Subsections

# Parallel coupled microstrip lines

## Characteristic impedance and effective dielectric constant

Parallel coupled microstrip lines are defined by the characteristic impedance and the effective permittivity of the even and the odd mode. The y- and S-parameters are depicted in section 9.22.

### Kirschning and Jansen

These quantities can very precisely be modeled by the following equations [31], [32].

Beforehand some normalised quantities (with microstrip line width , spacing between the lines and substrate height ) are introduced:

 (11.89)

The applicability of the described model is

 (11.90)

The accuracies of the formulas holds for these ranges.

Static effective permittivity of even mode:

 (11.91)

with

 (11.92) (11.93) (11.94)

Static effective permittivity of odd mode:

 (11.95)

with

 (11.96) (11.97) (11.98) (11.99)

whence refers to the zero-thickness single microstrip line of width according to [18] (see also eq. (11.15)).

The dispersion formulae for the odd and even mode write as follows.

 (11.100)

The frequency dependence for the even mode is

 (11.101)

with

 (11.102) (11.103) (11.104) (11.105) (11.106) (11.107) (11.108)

The frequency dependence for the odd mode is

 (11.109)

with

 (11.110) (11.111) (11.112) (11.113) (11.114) (11.115) (11.116) (11.117)

Up to the maximum error of these equations is 1.4%.

The static characteristic impedance for the even mode writes as follows.

 (11.118)

with

 (11.119) (11.120) (11.121) (11.122)

with and being again quantities for a zero-thickness single microstrip line of width according to [18] (see also eq. (11.15) and (11.5)).

The static characteristic impedance for the odd mode writes as follows.

 (11.123)

with

 (11.124) (11.125) (11.126) (11.127) (11.128) (11.129)

The accuracy of the static impedances is better than 0.6%.

Dispersion of the characteristic impedance for the even mode can be modeled by the following equations.

 (11.130)

with

 (11.131)

 (11.132) (11.133) (11.134) (11.135)

and

 (11.136) (11.137) (11.138) (11.139) (11.140) (11.141) (11.142) (11.143) (11.144) (11.145) (11.146)

With being the single microstrip effective dielectric constant according to [20] (see eq. (11.26)) and single microstrip impedance dispersion according to [21] (there denoted as , see eq. (11.49)).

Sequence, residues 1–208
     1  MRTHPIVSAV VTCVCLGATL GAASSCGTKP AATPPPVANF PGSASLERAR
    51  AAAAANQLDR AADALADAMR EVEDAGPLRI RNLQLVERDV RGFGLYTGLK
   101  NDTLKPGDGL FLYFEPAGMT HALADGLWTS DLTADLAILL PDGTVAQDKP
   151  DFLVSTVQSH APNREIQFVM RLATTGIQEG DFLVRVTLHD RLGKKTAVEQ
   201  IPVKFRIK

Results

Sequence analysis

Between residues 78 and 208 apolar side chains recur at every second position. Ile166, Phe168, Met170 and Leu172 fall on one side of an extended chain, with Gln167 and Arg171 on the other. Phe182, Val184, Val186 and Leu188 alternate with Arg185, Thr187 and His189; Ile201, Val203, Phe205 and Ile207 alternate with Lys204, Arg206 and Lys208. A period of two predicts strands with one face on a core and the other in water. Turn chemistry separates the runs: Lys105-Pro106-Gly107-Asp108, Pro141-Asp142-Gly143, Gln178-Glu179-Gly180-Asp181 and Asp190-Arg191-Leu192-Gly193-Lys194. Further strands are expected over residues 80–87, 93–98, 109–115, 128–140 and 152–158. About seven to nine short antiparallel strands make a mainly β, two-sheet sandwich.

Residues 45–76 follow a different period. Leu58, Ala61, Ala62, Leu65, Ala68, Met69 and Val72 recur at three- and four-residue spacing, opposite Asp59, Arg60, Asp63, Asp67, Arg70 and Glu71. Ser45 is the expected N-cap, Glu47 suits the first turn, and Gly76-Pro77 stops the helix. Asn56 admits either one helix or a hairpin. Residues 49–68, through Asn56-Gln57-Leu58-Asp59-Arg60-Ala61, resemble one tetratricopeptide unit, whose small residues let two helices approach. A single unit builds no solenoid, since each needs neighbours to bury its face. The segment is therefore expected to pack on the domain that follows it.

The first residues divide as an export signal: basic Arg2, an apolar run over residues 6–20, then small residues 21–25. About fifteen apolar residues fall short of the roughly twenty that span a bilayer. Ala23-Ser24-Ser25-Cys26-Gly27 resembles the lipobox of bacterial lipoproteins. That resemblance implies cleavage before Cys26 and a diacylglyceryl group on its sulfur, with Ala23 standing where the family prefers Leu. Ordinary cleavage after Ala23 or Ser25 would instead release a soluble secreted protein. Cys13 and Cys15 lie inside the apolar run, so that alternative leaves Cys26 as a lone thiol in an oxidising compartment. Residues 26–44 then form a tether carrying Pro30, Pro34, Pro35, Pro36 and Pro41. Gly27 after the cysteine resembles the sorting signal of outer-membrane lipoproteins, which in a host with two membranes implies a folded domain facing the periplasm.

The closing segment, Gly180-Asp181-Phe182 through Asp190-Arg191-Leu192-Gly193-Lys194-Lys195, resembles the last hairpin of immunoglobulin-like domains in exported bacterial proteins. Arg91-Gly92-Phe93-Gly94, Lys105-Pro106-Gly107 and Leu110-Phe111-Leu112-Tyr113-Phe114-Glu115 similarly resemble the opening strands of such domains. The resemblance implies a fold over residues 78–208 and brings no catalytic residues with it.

Dispersion of the characteristic impedance for the odd mode can be modeled by the following equations.

 (11.147)

with

 (11.148) (11.149) (11.150) (11.151) (11.152) (11.153) (11.154) (11.155)

with being the frequency-dependent power-current characteristic impedance formulation of a single microstrip with width according to [21] (see eq. (11.50)). Up to , the numerical error of and is less than 2.5%.

The equations given by E. Hammerstad and Ø. Jensen [18] represent the first generally valid model of coupled microstrips with an acceptable accuracy. The model equations have been validated in the range and , a range which should cover that used in practice.

The homogeneous mode impedances are

 (11.156)

The effective dielectric constants are

 (11.157)

with

 (11.158) (11.159)

whence and denote eqs. (11.16) and (11.17) of the single microstrip line. The characteristic impedance of the single microstrip line also defined in [18] is given by eq. (11.5). The modifying equations for the even mode are as follows

 (11.160) (11.161) (11.162) (11.163) (11.164)

The modifying equations for the odd mode are as follows

 (11.165) (11.166) (11.167) (11.168)

Furthermore

 (11.169) (11.170) (11.171) (11.172) (11.173) (11.174)

The quasi-static characteristic impedance of a zero-thickness single microstrip line denoted in eq. (11.156) can either be calculated using the below equations with being the quasi-static effective dielectric constant defined by eq. (11.15) or using eqs. (11.5) and (11.15).

 (11.175) (11.176)

The errors in the even and odd mode impedances and were found to be less than 0.8% and less than 0.3% for the wavelengths.

The model does not include the effect of non-zero strip thickness or asymmetry. Dispersion is also not included. W. J. Getsinger [33] has proposed modifications to his single strip dispersion model, but unfortunately it is easily shown that the results are asymptotically wrong for extreme values of gap width.

In fact he correctly assumes that in the even mode the two strips are at the same potential, and the total current is twice that on a single strip, and dispersion for even-mode propagation is computed by substituting for in eqs. (11.60) and (11.61). In the odd mode the two strips are at opposite potentials, and the voltage between strips is twice that of a single strip to ground. Thus the total mode impedance is twice that of a single strip, and the dispersion for odd-mode propagation is computed substituting for in eqs. (11.60) and (11.61).

 (11.177)

with

 (11.178) (11.179)

## Strip thickness correction

According to R.H. Jansen [34] corrected strip width values have been found in the range of technologically meaningful geometries to be

 (11.180) (11.181)

with

 (11.182)

The author refers to the modifications of the strip width of a single microstrip line given by Hammerstad and Bekkadal. See also eq. (11.21) on page .

 (11.183)

For large spacings the single line formulae (11.183) applies.

## Transmission losses

The loss equations given by E. Hammerstad and Ø. Jensen [18] for the single microstrip line are also valid for coupled microstrips, provided that the dielectric filling factor, homogeneous impedance, and current distribution factor of the actual mode are used. The following approximation gives good results for odd and even current distribution factors (modification of eq. (11.82)).

 (11.184)

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